UPDATE: This campaign was originally created to get Elise to Arkansas for treatment. The expected treatment time was about 2 months. We were partially successful in raising funds and she went in February 2018. The treatment was a large success and she is extremely grateful. But, she ended up needing 4 months of treatment instead... and the bills piled up fast!
When she came home there were minor symptoms remaining. Within three months of returning home she encountered periodic flare ups. Some have been pretty major.
The biggest success in Arkansas was that she found modalities to put the CRPS in check... she found treatments that helped keep the symptoms away. Her main home run was with something called ARPwave. It's a device that does neuromuscular re-education.
Now, she needs to buy her own ARPwave machine so that she can use it as needed. This device helps keep her nerves, muscles and body in shape and healthy. It keeps her pain away significantly.
But, the device is $20,000!!
We are asking you to donate and help Elise get the medical equipment she needs to stay well.
Please read her story below to get an idea of what she is going through.
Imagine the day you’re diagnosed with something nicknamed the “Suicide Disease.” That is a day my best friend, Elise, will never forget. It was a devastating moment when she was diagnosed with a rare neurological disorder called CRPS which causes excruciating pain throughout the body 24 hours a day, 7 days a week.
It’s the most painful condition known to human kind. It ranks the highest score on the pain index (worse than amputation and childbirth).
CRPS stands for ‘Complex Regional Pain Syndrome.’ It is believed to be caused by damage or malfunction of the peripheral and central nervous systems. But, the cause is not definitively known, it has no known cure and is progressive in nature. CRPS has a very high chance of spreading and it can go full body.
This type of pain typically robs a person of their ability to go to work, to enjoy time with friends and family, or to even get out of bed on most days.
CRPS pain is scary and debilitating!
This is the reality for my best friend, Elise.
She describes her pain as: “It feels like someone dipped my skin in boiling oil – like being burned alive - and then having it covered with biting fire ants. On a good day, the sensation is like a never ending frostbite with pins and needles, where the slightest touch makes you scream – it is relentless."
The constant burning and sharp pain to touch...together make her body ache as though she has the flu all the time. Her nervous system never gets a break with pain signaling at every moment of the day. She struggles to get out of bed because her pain flares at night and her body stays in shock, so she doesn’t sleep well. When she is awake, she is always lethargic and wears down from mild activity.
Anything physically strenuous isn't even possible because if her heart rate gets high then it inflames her CRPS.
Most of the time her pain is invisible. The red and swollen pain is not always obvious, but the pain doesn't go away. So she suffers in silence as her disease is not noticeable to most people. Understandably, she deals with depression.
Burning, swelling and on fire!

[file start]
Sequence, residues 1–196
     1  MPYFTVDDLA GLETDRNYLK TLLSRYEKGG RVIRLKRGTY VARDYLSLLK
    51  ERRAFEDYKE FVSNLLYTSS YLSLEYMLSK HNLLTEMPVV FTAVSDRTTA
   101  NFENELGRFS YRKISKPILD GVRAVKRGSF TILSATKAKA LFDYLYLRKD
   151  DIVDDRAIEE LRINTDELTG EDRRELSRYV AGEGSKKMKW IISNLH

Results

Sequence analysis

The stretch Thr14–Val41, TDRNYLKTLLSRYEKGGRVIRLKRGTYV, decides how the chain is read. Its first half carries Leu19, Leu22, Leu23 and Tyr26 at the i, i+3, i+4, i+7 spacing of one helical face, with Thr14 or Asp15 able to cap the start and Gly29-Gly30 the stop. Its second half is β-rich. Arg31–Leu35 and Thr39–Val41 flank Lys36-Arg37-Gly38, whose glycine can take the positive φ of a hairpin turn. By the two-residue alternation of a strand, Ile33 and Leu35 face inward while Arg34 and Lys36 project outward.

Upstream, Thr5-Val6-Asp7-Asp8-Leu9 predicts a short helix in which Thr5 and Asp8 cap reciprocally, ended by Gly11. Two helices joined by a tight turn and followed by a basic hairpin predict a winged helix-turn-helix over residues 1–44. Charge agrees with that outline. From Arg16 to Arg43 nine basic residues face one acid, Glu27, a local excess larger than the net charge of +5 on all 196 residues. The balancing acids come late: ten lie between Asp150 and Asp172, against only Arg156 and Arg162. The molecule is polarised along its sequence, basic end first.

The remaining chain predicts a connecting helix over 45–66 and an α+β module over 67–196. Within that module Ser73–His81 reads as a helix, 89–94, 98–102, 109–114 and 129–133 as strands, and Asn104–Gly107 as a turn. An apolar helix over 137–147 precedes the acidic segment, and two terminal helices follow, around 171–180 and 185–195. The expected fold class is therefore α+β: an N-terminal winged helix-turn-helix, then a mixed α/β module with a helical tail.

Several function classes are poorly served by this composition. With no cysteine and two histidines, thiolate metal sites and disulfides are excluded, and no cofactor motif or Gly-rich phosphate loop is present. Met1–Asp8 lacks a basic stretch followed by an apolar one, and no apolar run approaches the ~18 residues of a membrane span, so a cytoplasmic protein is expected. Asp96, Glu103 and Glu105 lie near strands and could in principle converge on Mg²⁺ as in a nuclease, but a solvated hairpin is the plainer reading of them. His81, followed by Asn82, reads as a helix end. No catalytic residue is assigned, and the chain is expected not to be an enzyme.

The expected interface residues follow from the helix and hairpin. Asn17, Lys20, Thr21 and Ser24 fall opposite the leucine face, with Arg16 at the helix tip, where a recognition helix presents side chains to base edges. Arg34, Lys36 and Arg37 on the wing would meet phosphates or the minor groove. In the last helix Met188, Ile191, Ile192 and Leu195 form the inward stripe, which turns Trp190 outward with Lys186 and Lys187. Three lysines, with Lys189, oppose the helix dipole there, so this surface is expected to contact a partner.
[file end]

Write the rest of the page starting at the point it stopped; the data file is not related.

Her husband describes: “I cannot put into words the true suffering I see in her eyes when her condition flares...it breaks my heart. It is so sad because she is tired of fighting her own body every day. I truly see how it is the most painful condition ever recorded.”
Following sections are:
A. Why are we asking you to help
B. What the funds will be used for
C. Please donate
D. Details about the treatment
E. Elise's Story
F. Attempted treatments, info, and updates.
A. Why are we asking you to help?
We want to give Elise remission and stop it from spreading. We want to help her get her life back.
We are rallying around Elise to crowdfund her trip to a rehab treatment center that specializes in neurological diseases. It’s called the Neurologic Relief Center, and it has shown to help people with CRPS tremendously. The center is in Fayetteville, Arkansas.
Her hope is to make it there by February 2018.
Please help raise funds to get her treatment for this agonizing disease.
Elise has already tried the recommended treatments for CRPS. They have not worked. In fact, the pain is showing signs of trying to spread into her left leg.
Both her and her husband have drained their savings and maxed out the credit they have available. The options to get better have become limited.
She needs help as soon as possible.
I started this campaign because Elise is an old and dear friend to me, and it has been so hard to watch her quality of life slip away.
Please donate! And please help me get the word out by sharing this link on all of your social media sites and timelines.
Elise has always been a solid friend to count on when you need her. She has often created an environment of community and refuge. Elise was always the one to get us all together for a celebration. The friend you can always call… or just show up at her door knowing she will help. She shows compassion to everyone she meets and so often puts the needs and wants of other’s before her own.
If you know Elise, then you know she has always been a strong and independent person...and asking for this kind of help is not in her nature.
As her friend for over 20 years, I can tell you… it was a really hard decision for her to consent in letting me start a fundraiser. She even chose her life’s work to help people financially. So I promise, she doesn’t take it lightly when asking others for assistance monetarily.
But, Elise has hit a point where she is fighting to get her life back.
The path to wellness seems like an impossible scenario.
And now, she needs our help!
B. What the funds will be used for (~ cost ):
• $18,000 -- $20,000 at The Neurologic Relief Center in Fayetteville, AR.
• $10,000 for Additional medical equipment and ongoing care
TOTAL GOAL FOR FUNDRASING = $30,000
C. Please donate.
Use this page to donate to Elise's GoFundMe campaign.
All she needs is a few hundred people to donate $20 and that would get us almost half way to the goal! Every dollar counts!
Using GoFundMe is safe and easy. Just a $5 dollar donation could impact her life greatly!
D. Details about the treatment:
The Neurologic Relief Center, in Fayetteville, Arkansas, is a rehab center that specializes in CRPS. https://www.facebook.com/TheNeurologicReliefCenter
They use the latest and most promising treatments to slow and even halt the progression of the disease. She is hoping and praying to have the chance to go and stop the disease before it spreads.